Ireland’s New Grange Monument
When I stepped off the plane, almost twenty years had passed since the near death experience. I was not accustomed to seeing so many people with red hair and freckles. I immediately thought of my daughter, Audrey. She would finally feel right at home, since she was redheaded and kissed by the angels many times in the form of freckles scattered on her nose and cheeks.
After renting a car and making sure I had my trusty umbrella, scarf and raincoat I set on my quest. With the light drizzle of rain on the windshield, I had high expectations and romantic thoughts of ancient days.
I purchased tickets, and my guided tour would begin soon. I walked onto the New Grange Monument and took a moment for meditation and connection to the earth. There was a group of about 20 people visiting from all different countries.
As I walked inside, my eyes adjusted to the darkness deep inside the mound and I began to see small chambers to the left and right. At the end of the mound was the focal point with an altar carved out of stone. The guide said that on the winter solstice at exactly the right time a narrow beam of light hit exactly onto the altar from outside a narrow hollow space like a laser. As a farming culture, depending on the sun to plant and harvest their crops, the people’s relationship to the sun was vital for survival. As we all stood in silence in the complete darkness for moment, I contemplated what it would be like to live on such a one-to-one basis with the rhythms of the earth’s seasons again.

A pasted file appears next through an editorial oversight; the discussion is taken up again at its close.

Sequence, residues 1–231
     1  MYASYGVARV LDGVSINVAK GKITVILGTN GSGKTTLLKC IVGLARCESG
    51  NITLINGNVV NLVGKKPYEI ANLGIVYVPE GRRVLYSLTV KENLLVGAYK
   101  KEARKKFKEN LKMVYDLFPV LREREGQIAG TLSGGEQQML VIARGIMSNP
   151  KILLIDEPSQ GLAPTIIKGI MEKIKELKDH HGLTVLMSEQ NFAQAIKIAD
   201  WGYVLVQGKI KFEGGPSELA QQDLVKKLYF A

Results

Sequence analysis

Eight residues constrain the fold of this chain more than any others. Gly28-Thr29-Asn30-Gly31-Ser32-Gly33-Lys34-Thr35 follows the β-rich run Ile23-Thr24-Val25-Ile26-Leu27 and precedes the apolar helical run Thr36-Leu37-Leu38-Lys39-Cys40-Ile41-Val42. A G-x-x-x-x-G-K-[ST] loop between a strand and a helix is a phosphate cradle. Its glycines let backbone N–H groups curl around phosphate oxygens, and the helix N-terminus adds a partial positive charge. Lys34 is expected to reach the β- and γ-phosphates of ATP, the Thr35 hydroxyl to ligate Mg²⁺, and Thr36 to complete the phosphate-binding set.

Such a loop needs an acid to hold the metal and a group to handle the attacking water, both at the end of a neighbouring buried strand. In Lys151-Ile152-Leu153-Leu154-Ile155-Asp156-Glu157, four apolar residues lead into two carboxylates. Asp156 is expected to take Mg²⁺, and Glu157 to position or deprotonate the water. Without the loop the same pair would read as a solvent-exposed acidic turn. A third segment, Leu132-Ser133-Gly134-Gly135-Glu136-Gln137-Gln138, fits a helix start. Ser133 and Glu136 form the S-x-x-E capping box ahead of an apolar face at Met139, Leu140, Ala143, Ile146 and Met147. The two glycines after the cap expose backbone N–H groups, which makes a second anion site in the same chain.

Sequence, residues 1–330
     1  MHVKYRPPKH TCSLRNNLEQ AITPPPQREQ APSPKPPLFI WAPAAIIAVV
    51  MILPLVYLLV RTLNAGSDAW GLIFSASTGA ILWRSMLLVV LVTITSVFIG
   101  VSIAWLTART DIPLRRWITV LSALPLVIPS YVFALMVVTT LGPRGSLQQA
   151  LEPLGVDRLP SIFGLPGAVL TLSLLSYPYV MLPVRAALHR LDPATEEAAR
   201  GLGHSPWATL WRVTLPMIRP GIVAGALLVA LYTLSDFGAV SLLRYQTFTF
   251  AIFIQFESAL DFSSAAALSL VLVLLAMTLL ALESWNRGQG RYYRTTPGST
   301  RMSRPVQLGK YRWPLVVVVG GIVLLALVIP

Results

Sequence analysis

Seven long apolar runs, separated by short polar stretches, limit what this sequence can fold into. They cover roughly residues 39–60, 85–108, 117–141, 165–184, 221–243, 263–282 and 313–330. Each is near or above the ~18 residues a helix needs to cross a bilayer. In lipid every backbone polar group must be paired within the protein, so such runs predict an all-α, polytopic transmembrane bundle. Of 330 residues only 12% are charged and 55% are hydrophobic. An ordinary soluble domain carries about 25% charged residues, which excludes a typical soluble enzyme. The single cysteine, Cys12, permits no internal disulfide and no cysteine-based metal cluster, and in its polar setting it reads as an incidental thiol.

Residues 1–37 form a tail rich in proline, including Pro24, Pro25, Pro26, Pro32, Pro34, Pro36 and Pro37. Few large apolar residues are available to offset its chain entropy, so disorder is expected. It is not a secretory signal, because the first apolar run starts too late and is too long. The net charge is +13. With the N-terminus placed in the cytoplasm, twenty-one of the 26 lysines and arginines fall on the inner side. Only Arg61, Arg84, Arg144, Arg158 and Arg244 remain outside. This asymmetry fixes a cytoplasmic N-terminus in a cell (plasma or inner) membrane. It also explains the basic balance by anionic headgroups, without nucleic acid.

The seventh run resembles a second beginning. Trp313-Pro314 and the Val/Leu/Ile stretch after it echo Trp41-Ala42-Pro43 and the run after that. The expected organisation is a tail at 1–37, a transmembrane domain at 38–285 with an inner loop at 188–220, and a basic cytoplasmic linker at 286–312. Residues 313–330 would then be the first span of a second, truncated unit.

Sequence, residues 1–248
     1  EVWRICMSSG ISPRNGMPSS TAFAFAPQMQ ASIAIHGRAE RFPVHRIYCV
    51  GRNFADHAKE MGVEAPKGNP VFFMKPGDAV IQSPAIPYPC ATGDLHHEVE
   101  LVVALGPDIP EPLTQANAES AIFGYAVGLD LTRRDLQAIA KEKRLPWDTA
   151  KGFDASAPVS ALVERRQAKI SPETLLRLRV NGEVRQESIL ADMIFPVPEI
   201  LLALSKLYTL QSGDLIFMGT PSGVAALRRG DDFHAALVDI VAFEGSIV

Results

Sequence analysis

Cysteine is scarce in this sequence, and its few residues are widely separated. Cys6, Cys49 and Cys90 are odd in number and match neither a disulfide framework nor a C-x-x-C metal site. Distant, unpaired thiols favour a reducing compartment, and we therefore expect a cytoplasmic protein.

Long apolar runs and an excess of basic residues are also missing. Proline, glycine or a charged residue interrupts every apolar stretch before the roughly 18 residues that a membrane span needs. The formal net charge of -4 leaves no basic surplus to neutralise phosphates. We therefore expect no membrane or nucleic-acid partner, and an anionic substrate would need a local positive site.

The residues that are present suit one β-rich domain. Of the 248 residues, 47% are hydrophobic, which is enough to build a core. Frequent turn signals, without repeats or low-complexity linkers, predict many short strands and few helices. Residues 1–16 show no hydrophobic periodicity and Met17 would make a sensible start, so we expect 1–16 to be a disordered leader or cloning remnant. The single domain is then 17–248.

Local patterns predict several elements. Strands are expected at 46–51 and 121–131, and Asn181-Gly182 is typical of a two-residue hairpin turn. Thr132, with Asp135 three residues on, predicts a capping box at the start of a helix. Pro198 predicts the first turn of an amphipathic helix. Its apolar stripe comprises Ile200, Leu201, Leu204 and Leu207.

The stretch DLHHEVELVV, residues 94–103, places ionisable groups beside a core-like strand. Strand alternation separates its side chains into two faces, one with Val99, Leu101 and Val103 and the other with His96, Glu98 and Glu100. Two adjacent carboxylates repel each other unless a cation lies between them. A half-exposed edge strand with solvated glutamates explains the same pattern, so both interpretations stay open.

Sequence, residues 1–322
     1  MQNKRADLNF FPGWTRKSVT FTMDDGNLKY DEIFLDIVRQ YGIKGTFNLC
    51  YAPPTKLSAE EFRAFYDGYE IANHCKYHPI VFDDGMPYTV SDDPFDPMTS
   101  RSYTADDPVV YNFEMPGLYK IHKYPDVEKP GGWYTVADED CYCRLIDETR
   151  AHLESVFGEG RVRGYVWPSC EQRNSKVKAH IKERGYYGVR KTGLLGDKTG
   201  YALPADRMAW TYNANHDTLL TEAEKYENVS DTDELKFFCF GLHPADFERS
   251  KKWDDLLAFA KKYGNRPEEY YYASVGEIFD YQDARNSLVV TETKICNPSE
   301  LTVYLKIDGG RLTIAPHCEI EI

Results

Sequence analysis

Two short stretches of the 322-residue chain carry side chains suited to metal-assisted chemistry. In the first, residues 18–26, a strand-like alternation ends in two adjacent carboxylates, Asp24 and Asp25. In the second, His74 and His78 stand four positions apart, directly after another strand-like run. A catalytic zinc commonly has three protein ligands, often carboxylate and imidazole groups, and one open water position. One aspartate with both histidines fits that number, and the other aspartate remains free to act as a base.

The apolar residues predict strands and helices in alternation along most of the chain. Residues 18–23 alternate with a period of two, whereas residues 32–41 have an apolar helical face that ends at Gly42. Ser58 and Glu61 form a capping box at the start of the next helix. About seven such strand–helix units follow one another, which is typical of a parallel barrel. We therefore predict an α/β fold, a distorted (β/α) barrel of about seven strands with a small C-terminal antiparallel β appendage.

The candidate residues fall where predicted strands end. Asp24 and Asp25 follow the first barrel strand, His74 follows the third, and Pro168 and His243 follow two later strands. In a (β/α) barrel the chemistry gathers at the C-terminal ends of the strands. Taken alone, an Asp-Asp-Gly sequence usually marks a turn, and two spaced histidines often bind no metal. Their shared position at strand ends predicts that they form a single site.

I kept my New Grange postcard on my desk for many years to remind me of the dedication of the ancestors that came before me and to be thankful. One of the after affects of a near death experience is that an experiencer can have a hunger for knowledge and learning, highly curious. I definitely yearned to ignite and absorb the history of Ireland, her people and her beautiful historic sights.
Our guide informed the tour participants that if we wanted to put our name in for a yearly drawing, you might be one of the lucky chosen few who if there name was drawn, you could experience the light piercing into the darkness. You could be standing in New Grange in that special moment on the most auspicious winter’s solstice. I never put in my name. Maybe I need to go back to New Grange and give it a try. If you go, maybe you will have the luck of the Irish draw.